Ashton, Ford and Wells have edge after RFU's day of the long knives

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The Independent Online

Much to his horror on the morning of the long knives, Andy Robinson found himself wielding the blade. England's head coach, the one significant survivor of the Rugby Football Union's brutal post-Six Nations cull, was charged yesterday with the task of telling two of his closest allies - the defence technician Phil Larder and the kicking specialist Dave Alred - that their jobs had disappeared into the ether, and that Joe Lydon, the much-criticised backs coach, had been demoted to the national academy. It was, by a very long way, the most unpleasant few hours of his professional career.

What made the pain even more intense were suggestions, some of them in print, that he had saved his own skin by turning on his own. "Those aspersions are very unfair - grossly unfair," said Martyn Thomas, the chairman of the union's management board. "Andy is an honest man, a sincere man, and he speaks from the heart. He is immensely loyal, and is deeply upset by what has happened. What came across most clearly as we went through this long review process is the great confidence expressed in him by the England players. That was very important in terms of our deliberations."

Robinson will lead the world champions to Australia for this summer's Tests in Sydney and Melbourne, accompanied by what Francis Baron, the chief executive, described as "a leaner, meaner" senior back-room team of three: a forwards coach, an attacking coach and a defence coach. Baron confirmed that while these posts would be advertised, he expected appointments to be made within days. Barring an unforeseen hitch, Brian Ashton of Bath will be the new attacking strategist. John Wells, the former Leicester coach, will work with the pack, while Mike Ford of Saracens is favourite for the defence role.

In total, nine full-time RFU employees have either resigned or been sacked, including the performance director Chris Spice, who felt Robinson should have been held more accountable for the recent failures of the Test team and quit his post when he saw the tide of argument turning against him. "I have been frank and honest in my opinions throughout," he said yesterday, "and have for some time held the belief that a culture change was required in the England senior team. This could happen only through a change in leadership. The review process threw up a lot of evidence to support my views, but as this will not be acted upon, I think now is the time to stand by what I believe."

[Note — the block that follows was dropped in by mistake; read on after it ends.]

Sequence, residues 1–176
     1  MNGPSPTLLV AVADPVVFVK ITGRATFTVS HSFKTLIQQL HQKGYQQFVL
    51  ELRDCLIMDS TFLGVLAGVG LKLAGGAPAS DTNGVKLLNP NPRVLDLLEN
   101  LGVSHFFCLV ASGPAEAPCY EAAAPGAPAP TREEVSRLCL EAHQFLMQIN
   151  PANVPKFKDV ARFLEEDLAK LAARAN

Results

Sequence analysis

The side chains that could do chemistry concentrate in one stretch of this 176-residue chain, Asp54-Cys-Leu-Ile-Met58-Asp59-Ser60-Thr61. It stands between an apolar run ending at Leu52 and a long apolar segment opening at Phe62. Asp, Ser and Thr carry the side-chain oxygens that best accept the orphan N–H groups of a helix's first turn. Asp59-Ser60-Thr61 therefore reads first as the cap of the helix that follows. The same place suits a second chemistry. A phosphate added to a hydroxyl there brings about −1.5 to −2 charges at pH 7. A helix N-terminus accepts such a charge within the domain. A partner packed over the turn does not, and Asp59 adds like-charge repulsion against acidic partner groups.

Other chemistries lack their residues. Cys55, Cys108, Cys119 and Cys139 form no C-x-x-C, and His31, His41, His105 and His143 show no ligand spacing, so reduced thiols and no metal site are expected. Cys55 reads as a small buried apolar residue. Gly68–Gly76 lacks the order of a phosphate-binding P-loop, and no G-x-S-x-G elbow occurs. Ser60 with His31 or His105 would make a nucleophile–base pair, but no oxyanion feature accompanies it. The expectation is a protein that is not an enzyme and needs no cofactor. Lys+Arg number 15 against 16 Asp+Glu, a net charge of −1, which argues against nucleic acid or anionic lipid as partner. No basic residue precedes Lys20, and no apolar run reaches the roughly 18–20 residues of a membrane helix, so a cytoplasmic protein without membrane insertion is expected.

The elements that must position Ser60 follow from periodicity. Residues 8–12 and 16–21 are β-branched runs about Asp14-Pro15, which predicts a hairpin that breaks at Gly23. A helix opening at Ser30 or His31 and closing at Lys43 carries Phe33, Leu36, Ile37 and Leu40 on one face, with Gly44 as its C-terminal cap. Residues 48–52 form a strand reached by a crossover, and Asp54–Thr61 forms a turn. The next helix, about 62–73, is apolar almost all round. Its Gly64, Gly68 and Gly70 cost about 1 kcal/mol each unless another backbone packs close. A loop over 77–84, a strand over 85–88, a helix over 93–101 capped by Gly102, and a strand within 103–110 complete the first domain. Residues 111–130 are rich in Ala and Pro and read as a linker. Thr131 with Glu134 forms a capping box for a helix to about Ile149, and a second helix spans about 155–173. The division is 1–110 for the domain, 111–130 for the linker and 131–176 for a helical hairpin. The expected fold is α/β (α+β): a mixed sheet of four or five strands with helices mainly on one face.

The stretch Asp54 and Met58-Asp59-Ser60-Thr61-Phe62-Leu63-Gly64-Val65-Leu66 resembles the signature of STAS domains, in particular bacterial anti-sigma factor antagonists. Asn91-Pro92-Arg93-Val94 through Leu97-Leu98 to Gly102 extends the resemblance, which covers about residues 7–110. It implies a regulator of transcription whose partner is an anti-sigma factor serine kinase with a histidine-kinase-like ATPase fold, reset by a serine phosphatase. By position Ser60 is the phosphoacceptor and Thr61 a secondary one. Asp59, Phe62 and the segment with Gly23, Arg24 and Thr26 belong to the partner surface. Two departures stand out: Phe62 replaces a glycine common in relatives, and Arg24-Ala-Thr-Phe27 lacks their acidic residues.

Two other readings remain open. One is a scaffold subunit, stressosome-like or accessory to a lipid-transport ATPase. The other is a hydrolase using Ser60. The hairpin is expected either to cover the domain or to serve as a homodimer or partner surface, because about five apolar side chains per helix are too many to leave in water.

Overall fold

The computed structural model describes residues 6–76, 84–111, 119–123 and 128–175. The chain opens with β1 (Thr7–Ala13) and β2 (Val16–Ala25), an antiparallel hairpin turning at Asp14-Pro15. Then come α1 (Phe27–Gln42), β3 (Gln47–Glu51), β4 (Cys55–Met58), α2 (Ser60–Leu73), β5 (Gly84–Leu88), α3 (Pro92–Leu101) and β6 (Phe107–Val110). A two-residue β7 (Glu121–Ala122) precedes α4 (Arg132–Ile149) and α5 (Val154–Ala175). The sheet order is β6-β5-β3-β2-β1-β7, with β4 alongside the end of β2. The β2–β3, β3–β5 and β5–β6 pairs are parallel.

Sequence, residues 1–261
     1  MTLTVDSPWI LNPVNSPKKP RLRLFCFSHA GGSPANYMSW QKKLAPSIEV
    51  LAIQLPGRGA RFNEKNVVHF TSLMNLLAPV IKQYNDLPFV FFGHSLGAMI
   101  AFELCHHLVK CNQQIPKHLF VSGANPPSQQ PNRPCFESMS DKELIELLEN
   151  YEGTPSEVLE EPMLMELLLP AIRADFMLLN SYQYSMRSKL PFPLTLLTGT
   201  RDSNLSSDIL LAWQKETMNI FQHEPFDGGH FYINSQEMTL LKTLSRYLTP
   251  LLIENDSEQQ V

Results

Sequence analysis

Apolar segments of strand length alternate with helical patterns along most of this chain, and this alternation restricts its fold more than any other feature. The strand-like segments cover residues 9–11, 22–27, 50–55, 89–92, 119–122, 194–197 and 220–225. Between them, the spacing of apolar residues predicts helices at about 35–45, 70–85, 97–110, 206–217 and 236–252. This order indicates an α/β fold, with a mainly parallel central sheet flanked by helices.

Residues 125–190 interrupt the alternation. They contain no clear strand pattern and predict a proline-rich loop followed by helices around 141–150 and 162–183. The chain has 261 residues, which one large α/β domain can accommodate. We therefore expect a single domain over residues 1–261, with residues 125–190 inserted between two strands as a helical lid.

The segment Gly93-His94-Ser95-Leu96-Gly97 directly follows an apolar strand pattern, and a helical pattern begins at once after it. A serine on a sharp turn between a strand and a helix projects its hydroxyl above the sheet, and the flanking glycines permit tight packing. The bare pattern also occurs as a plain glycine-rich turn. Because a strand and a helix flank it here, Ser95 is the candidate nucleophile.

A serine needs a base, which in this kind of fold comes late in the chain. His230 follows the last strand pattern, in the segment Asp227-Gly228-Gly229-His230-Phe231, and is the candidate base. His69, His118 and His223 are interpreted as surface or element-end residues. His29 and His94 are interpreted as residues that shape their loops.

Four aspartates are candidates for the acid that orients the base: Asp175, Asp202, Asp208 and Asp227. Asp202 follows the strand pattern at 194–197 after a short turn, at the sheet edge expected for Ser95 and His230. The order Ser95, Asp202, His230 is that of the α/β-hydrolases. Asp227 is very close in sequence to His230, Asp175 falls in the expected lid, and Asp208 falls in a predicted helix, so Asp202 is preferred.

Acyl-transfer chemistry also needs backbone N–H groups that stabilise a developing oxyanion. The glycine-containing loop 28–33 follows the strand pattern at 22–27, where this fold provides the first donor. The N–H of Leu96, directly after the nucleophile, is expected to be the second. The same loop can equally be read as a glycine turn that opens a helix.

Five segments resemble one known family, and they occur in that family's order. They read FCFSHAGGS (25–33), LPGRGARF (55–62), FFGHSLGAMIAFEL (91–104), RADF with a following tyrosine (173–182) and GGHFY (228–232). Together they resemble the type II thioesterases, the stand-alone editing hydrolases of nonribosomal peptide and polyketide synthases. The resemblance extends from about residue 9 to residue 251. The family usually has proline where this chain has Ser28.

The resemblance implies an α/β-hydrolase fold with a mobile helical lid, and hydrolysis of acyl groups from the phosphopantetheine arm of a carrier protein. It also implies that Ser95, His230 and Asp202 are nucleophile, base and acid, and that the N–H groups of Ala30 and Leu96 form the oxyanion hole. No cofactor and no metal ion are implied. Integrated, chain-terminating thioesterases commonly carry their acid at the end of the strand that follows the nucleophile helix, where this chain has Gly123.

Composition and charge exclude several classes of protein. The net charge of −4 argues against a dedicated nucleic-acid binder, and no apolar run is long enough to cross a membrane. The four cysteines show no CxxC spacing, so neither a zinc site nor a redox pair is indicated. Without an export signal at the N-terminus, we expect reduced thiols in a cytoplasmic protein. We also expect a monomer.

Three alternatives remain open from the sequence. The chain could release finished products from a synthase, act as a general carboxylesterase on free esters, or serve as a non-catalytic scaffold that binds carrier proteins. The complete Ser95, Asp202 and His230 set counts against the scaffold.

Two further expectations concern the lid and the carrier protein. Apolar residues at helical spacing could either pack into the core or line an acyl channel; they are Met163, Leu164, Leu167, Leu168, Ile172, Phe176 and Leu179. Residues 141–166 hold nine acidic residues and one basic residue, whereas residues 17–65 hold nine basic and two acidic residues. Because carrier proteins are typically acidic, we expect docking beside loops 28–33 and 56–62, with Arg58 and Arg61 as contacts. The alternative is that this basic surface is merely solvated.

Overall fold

Spice's hand may have been forced anyway, for the union intends to incorporate the England operation into a beefed-up performance department, headed by a director of élite rugby - the most powerful single position ever sanctioned by the Twickenham grandees. The director will have the widest of briefs, overseeing the sports science department as well as the national academy and age-group teams. But it is the union's intention to grant him a major role with the Test side that alters the balance of power and means that Robinson's influence will eventually be diluted.

Baron said the search for the right man would be conducted globally, and that candidates would be in single figures. Inevitably, Sir Clive Woodward will be seen as an early front-runner. He has privately declared his interest in the role and has a strong supporter in Thomas to set against the many enemies he made in quitting as England coach in a blind fury 20 months ago.

But other names were quickly in circulation yesterday: Dean Richards and Rob Andrew from the high priesthood of English rugby; Eddie Jones, the former Wallaby coach currently working with Saracens; Warren Gatland, the New Zealander who performed such startling deeds with Wasps before returning to his native Waikato last year; and, most intriguingly, Nick Mallett, the remarkable South African polymath who made the Springboks the best team in the world in the late 1990s.

"I think this appointment will take months rather than weeks, simply because we are looking for someone with the breadth of knowledge and experience to sit on top of the entire élite operation," the chief executive said.

"While we intend to cut out all unnecessary expenditure - we have become lax in a number of areas since winning the World Cup in 2003 - and certainly intend to terminate all existing consultancy contracts, we will probably use a team of head-hunters.

"The person we eventually identify will almost certainly be under contract elsewhere, and we will need specialist help in securing his release from that contract. We are taking this extremely seriously."

Asked whether the RFU would rather see an Englishman in the job, as opposed to a southern hemisphere type, Baron admitted to a preference for such an outcome. "We're all cosmopolitan now, though, and if the outstanding candidate comes from the other side of the world, that's who we'll appoint."

Was this not eerily reminiscent of the Football Association's recruiting officers and their decision to offer the England job to a Brazilian, rather than one of their own? "I have to say I've been too busy to follow that story," he replied with a weary smile.

Candidates to head up the RFU performance team

SIR CLIVE WOODWARD The good knight wants it. Does the RFU want him?

DEAN RICHARDS The great bear already has supporters at Twickenham.

ROB ANDREW Well qualified, but has little respect for union authority.

NICK MALLETT A wonderful rugby intellect and top-class administrator, too.

WARREN GATLAND Track record second to none, and he knows the territory.

EDDIE JONES Super-sharp brain - would be the boldest choice.

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